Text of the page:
Still, when an orches­tra wants to make a tyro on the podium look good, it can. Frank Zappa some­how pulled off con­duct­ing Varèse with the San Fran­cisco Con­tem­po­rary Mu­sic Play­ers. Gil­bert Ka­plan made a for­tune on Wall Street and then spent the rest of his life de­voted to con­duct­ing Mahler’s Sec­ond Sym­phony with many of the world’s great or­ches­tras. With a lit­tle coach­ing from Gus­tavo Du­damel and the cheer­ful good­will of the L.A. Phil, Gael Gar­cía Ber­nal led a win­ning per­for­mance of Mozart’s “Mar­riage of Fi­garo” Over­ture at the Hol­ly­wood Bowl for an episode of “Mozart in the Jun­gle.”

In this case, though, the Santa Mon­ica Sym­phony has been put in a ter­ri­ble predica­ment. The fundrais­ing na­ture of the con­cert is im­por­tant to the orches­tra, which means not puff­ing up Prager might be self-de­struc­tive. Plus, he is some­one who uses his pop­u­lar­ity to pro­mote clas­si­cal mu­sic. Prager’s mil­i­tant po­lar­iz­ing of is­sues (say, calling lib­er­al­ism a can­cer) en­sures that the au­di­ence will likely be siz­able and one-sided.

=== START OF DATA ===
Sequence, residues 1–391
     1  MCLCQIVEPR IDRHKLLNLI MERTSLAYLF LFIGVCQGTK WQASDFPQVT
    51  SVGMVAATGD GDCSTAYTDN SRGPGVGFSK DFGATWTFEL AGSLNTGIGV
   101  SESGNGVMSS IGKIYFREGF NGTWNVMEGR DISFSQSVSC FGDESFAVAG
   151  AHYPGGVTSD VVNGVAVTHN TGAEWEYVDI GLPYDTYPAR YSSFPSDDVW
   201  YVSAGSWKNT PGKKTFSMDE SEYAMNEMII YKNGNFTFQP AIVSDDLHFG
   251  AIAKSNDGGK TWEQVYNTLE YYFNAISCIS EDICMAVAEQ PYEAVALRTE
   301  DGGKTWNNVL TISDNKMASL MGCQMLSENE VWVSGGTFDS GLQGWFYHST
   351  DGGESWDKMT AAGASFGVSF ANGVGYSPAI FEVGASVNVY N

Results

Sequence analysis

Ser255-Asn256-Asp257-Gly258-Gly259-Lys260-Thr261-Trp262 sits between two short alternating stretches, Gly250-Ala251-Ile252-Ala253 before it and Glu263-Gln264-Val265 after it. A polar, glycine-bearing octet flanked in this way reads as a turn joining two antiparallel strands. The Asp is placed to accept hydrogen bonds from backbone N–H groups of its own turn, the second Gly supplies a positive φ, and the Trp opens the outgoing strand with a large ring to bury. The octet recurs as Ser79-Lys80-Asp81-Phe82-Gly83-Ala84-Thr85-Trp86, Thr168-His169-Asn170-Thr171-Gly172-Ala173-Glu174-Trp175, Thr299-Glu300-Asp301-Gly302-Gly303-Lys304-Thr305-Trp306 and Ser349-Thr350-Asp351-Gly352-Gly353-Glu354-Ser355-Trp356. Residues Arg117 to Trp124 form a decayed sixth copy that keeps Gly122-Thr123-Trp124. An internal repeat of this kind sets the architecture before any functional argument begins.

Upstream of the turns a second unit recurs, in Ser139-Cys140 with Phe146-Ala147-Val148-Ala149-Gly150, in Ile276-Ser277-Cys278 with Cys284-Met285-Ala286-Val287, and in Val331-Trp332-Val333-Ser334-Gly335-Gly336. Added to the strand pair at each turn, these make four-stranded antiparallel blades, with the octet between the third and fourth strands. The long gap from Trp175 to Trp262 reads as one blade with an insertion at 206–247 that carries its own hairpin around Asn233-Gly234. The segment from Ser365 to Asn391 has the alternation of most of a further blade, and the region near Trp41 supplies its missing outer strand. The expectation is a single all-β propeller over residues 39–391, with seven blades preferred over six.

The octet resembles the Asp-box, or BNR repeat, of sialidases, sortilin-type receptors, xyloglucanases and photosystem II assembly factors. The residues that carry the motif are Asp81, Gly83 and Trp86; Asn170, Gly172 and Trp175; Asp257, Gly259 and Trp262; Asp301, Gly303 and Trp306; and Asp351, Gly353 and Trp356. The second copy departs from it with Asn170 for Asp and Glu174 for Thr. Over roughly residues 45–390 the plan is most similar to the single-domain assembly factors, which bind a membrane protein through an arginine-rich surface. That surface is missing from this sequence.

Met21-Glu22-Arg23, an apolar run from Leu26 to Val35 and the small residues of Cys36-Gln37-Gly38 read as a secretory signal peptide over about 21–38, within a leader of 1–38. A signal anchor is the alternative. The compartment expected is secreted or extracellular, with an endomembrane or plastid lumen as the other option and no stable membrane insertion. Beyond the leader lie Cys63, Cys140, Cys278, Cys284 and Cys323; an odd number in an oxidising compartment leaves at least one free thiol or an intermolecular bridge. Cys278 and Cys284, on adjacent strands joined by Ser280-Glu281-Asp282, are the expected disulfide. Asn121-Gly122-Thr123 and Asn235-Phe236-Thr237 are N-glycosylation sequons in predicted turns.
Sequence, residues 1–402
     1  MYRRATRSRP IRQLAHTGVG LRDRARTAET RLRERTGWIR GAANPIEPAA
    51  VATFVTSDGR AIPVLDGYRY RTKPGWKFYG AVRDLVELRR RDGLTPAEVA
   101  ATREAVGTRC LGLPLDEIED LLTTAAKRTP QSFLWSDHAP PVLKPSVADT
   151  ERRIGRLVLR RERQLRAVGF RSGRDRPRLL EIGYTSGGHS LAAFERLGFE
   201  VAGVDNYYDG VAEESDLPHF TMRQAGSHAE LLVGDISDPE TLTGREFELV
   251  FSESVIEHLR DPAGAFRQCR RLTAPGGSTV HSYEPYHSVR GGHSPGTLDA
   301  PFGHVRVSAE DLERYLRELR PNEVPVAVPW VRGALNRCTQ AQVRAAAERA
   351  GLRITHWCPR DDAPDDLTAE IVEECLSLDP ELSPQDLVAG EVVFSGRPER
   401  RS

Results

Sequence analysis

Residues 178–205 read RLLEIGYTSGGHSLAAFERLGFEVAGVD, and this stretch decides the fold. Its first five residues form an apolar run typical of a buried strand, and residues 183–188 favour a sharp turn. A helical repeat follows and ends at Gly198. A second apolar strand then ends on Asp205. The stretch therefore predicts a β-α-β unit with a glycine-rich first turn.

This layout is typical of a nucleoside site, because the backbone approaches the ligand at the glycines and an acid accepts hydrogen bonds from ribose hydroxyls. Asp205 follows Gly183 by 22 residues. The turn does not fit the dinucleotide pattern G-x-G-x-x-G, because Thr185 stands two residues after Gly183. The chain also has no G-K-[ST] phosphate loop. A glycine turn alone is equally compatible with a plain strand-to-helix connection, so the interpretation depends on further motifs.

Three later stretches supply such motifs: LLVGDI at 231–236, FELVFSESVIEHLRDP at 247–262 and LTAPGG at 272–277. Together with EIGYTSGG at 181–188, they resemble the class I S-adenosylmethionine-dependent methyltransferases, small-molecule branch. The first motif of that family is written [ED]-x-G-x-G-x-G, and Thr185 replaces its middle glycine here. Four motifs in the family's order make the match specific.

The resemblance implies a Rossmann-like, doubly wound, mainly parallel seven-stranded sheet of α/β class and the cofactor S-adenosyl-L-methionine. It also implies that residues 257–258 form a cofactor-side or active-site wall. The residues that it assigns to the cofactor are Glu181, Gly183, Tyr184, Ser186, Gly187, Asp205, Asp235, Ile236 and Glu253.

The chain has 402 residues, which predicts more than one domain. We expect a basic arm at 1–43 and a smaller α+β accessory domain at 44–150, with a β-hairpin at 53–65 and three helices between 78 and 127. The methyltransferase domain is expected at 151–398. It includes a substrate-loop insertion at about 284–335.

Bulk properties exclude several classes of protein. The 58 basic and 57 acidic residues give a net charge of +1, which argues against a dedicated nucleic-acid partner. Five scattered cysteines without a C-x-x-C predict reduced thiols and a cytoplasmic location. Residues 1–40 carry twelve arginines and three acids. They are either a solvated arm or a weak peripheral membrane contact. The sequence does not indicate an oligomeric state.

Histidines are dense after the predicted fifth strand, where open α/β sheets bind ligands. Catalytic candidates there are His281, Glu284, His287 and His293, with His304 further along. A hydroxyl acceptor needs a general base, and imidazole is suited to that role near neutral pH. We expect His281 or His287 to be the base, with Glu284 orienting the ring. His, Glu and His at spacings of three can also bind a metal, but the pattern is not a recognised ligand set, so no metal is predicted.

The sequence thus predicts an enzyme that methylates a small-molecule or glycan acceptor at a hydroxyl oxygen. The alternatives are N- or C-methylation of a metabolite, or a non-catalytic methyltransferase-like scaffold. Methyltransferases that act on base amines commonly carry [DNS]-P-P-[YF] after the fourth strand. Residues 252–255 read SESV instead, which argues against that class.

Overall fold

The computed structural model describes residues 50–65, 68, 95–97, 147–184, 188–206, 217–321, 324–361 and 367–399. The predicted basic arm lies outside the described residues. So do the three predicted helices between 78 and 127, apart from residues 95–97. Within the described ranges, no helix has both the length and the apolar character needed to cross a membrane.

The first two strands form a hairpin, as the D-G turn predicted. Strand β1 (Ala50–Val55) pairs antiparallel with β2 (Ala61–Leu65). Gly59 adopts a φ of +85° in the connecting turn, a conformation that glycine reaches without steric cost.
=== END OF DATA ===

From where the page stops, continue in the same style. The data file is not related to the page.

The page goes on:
Ul­ti­mately, then, the orches­tra is be­ing asked to en­hance the stature of some­one whose promi­nence is based on es­pous­ing an ide­ol­ogy that dis­ap­proves of who many of the play­ers are and what they stand for. Let’s not for­get the ex­tra-mu­si­cal ad­van­tage that Prager, who ac­tively sells his brand with PragerU and books and his ra­dio show, has to gain.

How­ever the con­cert turns out, which will prob­a­bly be less than a dis­as­ter, Prager is in a po­si­tion to do as much harm as good for the orches­tra. He may have enough fundrais­ing mus­cle to make the con­cert a suc­cess, but in the process he taints the Santa Mon­ica Sym­phony with a seem­ing po­lit­i­cal bias once it re­turns home. What with the city’s cur­rent frenzy for de­vel­op­ment, it is no longer the Peo­ple’s Repub­lic of Santa Mon­ica. But it is hardly Prager coun­try. That is a high price to pay for a celebrity non-con­duc­tor.

Michael Robin­son Chavez Los An­ge­les Times

TWO VI­O­LIN­ISTS are calling for a boy­cott when Den­nis Prager guest con­ducts.